My favourite concepts in Yoga are usually those that challenge me every day, concepts that coax me to be aware every moment and find the extraordinary in the mundane. The physical aspects, especially Āsana, have never really been the main thing that draws me to Yoga; it has almost always been other bits.

What is Klēsha?

Have you come across this term in your Yoga studies? If yes, pause and think about your understanding of the term before you read further. If this is the first time you have ever heard this word, read on. Understanding this concept can answer a lot of foundational questions about our Yoga practice, physical or otherwise. If you are a Buddhist or are familiar with Buddhist literature, this term may be familiar to you as one of Buddha’s teachings.

Although mainly a Sanskrit word, it has found its way into a lot of Indian languages and dialects over time and is quite a familiar word for many who know or speak an Indian language. In most cases, the meaning seems to have been retained close to the original Sanskrit terminology and that means less confusion.

  • Pain, anguish, affliction
  • Great suffering, grief, rage, distress

(Many of the word meanings I use in my articles are taken from the Wisdom Library website).

You will come across this word in the Yoga Sūtra by Maharishi Patanjali, the Bhagavad Gita, and various Buddhist texts. These are the ones I am aware of but there might be other texts as well that talk about this concept.


Klēsha refers to the aspects within us that cause us pain and bring suffering to our lives. Understanding them is the only way to overcome the effects of their interference in our journey.

Klēsha and Yoga

There are five main types of Klēsha mentioned by Maharishi Patanjali in Sādhana Pāda, chapter 2 of the Yoga Sūtra.

  • Avidyā or lack of knowledge / wrong knowledge
  • Asmita or egoism
  • Rāga or attachment
  • Dvesha or hatred/aversion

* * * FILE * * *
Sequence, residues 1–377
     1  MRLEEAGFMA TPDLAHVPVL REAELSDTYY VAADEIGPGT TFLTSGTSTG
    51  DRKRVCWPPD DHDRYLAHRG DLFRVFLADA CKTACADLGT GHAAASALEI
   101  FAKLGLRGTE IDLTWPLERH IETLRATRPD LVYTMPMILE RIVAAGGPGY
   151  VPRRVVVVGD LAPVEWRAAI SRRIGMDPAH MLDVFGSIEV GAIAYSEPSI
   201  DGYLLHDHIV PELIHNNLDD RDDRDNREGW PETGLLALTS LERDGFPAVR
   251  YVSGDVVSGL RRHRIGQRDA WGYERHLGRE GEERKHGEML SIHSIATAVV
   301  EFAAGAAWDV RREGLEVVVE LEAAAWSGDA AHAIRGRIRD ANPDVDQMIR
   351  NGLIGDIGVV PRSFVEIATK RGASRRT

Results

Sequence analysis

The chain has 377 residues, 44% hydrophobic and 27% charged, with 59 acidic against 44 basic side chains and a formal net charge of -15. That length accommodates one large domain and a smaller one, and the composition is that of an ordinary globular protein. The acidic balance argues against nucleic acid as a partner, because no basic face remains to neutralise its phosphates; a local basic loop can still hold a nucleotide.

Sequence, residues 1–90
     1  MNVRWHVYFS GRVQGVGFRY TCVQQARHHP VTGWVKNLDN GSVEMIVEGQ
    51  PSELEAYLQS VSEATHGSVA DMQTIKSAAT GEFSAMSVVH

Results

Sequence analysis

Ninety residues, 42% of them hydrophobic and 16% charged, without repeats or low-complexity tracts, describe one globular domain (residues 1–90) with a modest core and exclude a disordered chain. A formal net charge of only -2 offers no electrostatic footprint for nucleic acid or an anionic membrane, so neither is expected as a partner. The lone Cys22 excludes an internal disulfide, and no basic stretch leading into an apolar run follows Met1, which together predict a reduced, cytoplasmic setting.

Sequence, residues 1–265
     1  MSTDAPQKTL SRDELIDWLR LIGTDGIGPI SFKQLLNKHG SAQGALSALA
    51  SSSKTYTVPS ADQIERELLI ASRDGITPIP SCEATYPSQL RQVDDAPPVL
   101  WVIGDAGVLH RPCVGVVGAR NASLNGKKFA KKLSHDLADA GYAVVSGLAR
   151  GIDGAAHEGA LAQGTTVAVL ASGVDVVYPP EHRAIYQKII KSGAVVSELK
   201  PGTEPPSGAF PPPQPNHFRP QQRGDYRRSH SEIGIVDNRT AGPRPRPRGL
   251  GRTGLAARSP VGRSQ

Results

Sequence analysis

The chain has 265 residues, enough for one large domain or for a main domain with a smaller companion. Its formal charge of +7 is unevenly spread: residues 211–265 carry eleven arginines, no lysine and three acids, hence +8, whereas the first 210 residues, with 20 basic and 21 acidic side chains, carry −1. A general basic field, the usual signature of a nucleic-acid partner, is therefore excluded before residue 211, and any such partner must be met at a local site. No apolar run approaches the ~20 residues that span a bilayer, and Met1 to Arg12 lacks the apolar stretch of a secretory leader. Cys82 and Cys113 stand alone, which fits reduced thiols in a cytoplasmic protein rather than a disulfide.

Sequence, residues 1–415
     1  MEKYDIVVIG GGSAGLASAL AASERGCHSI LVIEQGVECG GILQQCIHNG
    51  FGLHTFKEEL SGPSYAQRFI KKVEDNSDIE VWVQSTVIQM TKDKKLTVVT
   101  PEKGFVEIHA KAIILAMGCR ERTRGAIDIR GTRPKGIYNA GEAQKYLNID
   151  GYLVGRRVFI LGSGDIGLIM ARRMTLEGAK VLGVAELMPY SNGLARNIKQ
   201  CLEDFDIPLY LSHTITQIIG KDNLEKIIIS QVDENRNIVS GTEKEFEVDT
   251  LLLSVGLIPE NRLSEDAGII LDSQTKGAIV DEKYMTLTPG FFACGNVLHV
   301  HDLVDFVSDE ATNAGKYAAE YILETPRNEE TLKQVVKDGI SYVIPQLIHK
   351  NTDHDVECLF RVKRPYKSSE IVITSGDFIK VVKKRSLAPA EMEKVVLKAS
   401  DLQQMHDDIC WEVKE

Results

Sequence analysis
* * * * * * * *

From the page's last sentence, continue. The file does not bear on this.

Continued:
• Abhinivesha or fear of death

These five are present in all of us in varying degrees and play a major role in our perceptions and responses to life. When we make decisions based almost solely on our visceral reactions to Klēsha, we can be assured that things will go wrong; and things get worse when we are unaware of these effects or are unaccepting of them and continually wonder what we are doing wrong in our lives for things to go wrong. Often, the answers are right in front of us if we are willing to look at, acknowledge, and accept them. That is the first step in overcoming these pain-causing aspects of ourselves.

Overcoming Klēsha

This is easier said than done. It is often difficult to even notice the effects of Klēsha or know that one of them is influencing your life in some way. This is a hurdle we have to conquer over and over again. Then comes the next big hurdle – acknowledging that we are being influenced by Klēsha. This is one of the most difficult things to accept for many of us. Admitting even to ourselves that we lack the right knowledge, we are egoistic, our thoughts are clouded by attachment and hatred, or that we are scared can be extremely difficult and even distressing for many.

But this is the difficult work that Yoga demands of us; it coaxes us to examine life’s unpleasantness and to face the worst within us. When we see things for what they are, acknowledge them, and accept our inability to control the world around us, it can feel like a huge weight off of our shoulders. We feel like we are no longer drowning but can finally take a deep breath. We do not feel responsible for everything going wrong in the world while still being keenly aware of our Dharma or duty to ourselves and the world around us. We feel liberated!

This can be a journey of a lifetime (or even many lifetimes!) for many of us, and that is alright. It is difficult work and it takes time; how much time depends on each individual and each of our journeys can be vastly different. But constantly and consistently working with Klēsha– recognising, acknowledging, accepting, and overcoming – can be highly rewarding, helping us improve the quality of our lives and feel happier and at ease with ourselves.

If you find this as interesting as I do, do write to me and we can discuss it some more or we can delve into other concepts I have discussed earlier. Find me on Instagram or just write to me here through the Contact page.


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